Despite unprecedented efforts, schools and teachers have had mixed success garnering student engagement through remote learning. The need for a robust return to academics has never been higher than in the upcoming school year, yet schools face budget cuts of about 10% in the governor's proposed budget.
City News Service and Patch Staffer Paige Austin contributed to this report.
School Reopenings: Expect Masks, Tiny Classes, Staggered Days | Los Angeles, CA Patch

Randi Weingarten: What summer programs can teach us about reopening schools this fall - The Washington Post

Randi Weingarten: What summer programs can teach us about reopening schools this fall - The Washington Post

This summer, we can test-drive best practices for safely reopening schools


Randi Weingarten is president of the American Federation of Teachers.
Parents, educators and students are wondering whether, and how, public schools will reopen in the fall. It’s a daunting challenge. But with real investment and planning, the next few months could provide an opportunity to test-drive best practices for safely reopening schools. If safe to do so, school districts might offer voluntary summer school, adhering to public health protocols to prevent the spread of the novel coronavirus. This could help students catch up on lost learning as well as get needed social and emotional support.
The covid-19 pandemic closed schools practically overnight. Absent other choices, distance learning ramped up almost as quickly. Although teachers have done remarkable work, the past two months make clear that remote learning is no substitute for in-person classroom learning and interaction. Many parents have newfound respect for the craft of teaching, and students say they can’t wait to get back to school.
The covid-19 crisis has exacerbated some glaring inequities. Rural and low-income students often lack broadband Internet, laptops, tablets or phones with which to work. They have missed opportunities to connect with their teachers and classmates. English-language learners and students with disabilities have been at a disadvantage, as have students facing housing or food insecurity.
As much as 70 percent of the achievement gap between affluent students and their less-advantaged peers can be attributed to the “summer slide.” This year’s unprecedented “spring slide” is certain to worsen that gap. But studies also show that students who participate in high-quality, voluntary, multiweek summer learning programs make significant gains in reading and math, as well as experiencing social and emotional benefits.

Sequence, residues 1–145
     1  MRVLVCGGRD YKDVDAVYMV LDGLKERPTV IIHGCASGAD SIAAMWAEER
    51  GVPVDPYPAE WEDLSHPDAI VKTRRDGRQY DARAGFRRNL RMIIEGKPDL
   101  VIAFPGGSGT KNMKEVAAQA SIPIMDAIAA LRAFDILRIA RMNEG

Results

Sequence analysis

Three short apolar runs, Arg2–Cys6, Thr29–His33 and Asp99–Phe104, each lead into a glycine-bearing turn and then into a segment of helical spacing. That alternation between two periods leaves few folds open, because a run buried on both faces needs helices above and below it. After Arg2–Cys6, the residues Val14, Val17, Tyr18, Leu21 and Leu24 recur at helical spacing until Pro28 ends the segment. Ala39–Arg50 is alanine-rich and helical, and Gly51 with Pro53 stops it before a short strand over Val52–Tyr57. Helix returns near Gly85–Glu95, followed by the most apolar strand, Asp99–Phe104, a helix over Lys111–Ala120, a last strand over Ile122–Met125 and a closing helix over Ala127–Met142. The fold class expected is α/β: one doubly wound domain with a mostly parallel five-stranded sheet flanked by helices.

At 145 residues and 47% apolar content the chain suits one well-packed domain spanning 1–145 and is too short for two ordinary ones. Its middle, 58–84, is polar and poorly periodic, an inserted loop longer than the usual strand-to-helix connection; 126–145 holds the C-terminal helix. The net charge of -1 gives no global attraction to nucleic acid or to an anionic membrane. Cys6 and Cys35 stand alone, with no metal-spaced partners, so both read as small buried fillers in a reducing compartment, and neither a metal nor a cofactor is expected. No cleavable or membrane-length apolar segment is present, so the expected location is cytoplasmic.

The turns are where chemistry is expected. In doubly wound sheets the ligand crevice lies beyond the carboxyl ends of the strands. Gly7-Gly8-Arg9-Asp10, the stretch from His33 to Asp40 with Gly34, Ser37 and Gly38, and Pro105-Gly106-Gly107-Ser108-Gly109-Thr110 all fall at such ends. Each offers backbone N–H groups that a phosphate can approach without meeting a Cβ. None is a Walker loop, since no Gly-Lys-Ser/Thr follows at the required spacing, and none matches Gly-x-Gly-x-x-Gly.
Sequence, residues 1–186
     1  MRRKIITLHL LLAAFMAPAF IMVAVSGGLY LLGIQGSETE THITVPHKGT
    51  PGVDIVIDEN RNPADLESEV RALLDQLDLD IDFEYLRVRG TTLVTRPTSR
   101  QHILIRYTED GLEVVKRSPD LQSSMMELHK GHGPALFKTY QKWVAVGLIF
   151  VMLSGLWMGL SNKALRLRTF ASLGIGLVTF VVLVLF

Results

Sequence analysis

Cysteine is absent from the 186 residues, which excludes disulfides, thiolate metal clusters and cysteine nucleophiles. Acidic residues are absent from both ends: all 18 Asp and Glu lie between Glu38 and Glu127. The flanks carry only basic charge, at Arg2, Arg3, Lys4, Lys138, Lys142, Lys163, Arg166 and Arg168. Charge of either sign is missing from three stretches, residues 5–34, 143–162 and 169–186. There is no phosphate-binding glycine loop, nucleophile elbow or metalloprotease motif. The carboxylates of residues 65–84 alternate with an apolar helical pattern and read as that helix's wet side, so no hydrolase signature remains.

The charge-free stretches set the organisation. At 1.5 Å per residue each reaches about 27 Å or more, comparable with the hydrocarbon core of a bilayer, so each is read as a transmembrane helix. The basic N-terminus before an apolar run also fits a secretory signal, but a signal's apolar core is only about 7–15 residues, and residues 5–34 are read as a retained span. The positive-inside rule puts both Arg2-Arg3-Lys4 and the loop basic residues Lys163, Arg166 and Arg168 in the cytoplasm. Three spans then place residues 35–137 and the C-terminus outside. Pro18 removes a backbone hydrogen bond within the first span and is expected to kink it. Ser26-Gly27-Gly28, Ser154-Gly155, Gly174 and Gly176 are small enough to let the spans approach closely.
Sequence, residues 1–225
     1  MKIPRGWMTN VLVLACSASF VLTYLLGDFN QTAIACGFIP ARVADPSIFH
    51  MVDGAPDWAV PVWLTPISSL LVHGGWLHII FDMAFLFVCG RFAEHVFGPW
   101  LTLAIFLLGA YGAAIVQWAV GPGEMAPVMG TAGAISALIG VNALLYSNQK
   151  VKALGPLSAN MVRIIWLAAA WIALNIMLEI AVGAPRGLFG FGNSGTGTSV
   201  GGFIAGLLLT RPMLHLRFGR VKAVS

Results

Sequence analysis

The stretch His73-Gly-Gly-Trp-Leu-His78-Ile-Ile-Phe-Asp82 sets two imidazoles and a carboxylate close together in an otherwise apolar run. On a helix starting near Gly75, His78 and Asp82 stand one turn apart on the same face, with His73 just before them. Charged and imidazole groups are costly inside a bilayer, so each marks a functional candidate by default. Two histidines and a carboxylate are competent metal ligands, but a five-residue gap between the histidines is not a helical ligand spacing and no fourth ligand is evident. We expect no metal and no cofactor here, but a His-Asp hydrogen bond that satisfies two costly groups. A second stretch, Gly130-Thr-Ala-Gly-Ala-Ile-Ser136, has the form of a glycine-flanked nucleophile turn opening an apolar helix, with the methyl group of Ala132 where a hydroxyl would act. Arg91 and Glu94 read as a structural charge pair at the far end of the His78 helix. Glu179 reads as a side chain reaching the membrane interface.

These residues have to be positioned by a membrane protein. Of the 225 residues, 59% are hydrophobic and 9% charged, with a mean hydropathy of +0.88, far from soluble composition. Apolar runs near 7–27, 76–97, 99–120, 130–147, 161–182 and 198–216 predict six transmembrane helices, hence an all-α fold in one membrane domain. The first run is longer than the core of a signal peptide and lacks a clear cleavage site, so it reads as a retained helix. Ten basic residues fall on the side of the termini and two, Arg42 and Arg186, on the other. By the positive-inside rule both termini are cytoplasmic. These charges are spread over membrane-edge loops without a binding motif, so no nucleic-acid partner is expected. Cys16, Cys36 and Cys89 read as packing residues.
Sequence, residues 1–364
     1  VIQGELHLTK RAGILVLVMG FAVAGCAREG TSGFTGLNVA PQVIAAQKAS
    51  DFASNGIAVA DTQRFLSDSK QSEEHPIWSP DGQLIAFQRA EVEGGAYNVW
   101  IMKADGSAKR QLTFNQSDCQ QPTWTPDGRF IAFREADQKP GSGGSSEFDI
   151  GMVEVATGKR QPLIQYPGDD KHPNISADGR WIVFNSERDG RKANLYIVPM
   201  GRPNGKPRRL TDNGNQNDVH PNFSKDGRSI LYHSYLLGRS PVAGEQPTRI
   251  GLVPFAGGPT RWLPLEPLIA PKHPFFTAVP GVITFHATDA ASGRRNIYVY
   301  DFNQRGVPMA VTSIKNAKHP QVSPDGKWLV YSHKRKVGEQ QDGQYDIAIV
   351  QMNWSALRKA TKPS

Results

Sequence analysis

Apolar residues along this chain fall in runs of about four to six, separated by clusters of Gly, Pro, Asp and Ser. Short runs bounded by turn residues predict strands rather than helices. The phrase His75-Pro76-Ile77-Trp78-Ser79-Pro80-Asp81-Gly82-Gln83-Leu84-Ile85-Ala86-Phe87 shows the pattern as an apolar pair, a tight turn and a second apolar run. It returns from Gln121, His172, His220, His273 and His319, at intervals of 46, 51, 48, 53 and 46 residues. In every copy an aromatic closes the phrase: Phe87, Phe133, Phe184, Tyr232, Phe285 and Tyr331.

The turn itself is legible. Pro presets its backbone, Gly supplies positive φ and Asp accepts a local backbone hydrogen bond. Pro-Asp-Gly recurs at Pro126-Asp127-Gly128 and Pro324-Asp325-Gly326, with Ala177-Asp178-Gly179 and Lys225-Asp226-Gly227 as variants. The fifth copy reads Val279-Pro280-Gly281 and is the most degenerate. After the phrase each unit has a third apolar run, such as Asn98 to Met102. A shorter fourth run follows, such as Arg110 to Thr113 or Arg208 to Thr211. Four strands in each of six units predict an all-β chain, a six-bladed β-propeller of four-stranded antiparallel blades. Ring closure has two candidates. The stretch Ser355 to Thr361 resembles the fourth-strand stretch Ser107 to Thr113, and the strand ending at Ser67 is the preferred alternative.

Reopening schools is a key part of overall reopening, but it must be done safely and thoughtfully. The fight against the coronavirus is far from over, and the second wave of the 1918 flu was worse than the first. Absent a vaccine, no one knows what the future will bring. Adhering to public health safeguards is CONTINUE READING: Randi Weingarten: What summer programs can teach us about reopening schools this fall - The Washington Post

Burris and Kilfoyle: The Charter Schools That Are Double-Dipping Federal CARES Funds | Diane Ravitch's blog

Burris and Kilfoyle: The Charter Schools That Are Double-Dipping Federal CARES Funds | Diane Ravitch's blog

Burris and Kilfoyle: The Charter Schools That Are Double-Dipping Federal CARES Funds


Are charter schools public schools or small businesses with government contracts? They claim to be public schools, even though they have private, unelected boards and private management. Yet many charter schools applied for and received federal funds from the CARES Act, at the urging of their lobbyists, the National Alliance for Public Charter Schools.
They took money intended to save small businesses. Public schools are not allowed to apply.
Writing at Valerie Strauss’s “The Answer Sheet,” Carol Burris and Marla Kilfoyle of the Network for Public Education ask Why charter schools get this money?
Please open the article to see the many links to sources.
Valerie Strauss writes:
When Congress passed a huge economic assistance aid package in March, known as the Coronavirus Aid, Relief, and Economic Security (CARES) Act, it included $13.5 billion in funding for K-12 grants to states. Most of the money was supposed to be distributed to school districts and charter schools through a formula based on their share of Title 1 funds, which are intended to help CONTINUE READING: Burris and Kilfoyle: The Charter Schools That Are Double-Dipping Federal CARES Funds | Diane Ravitch's blog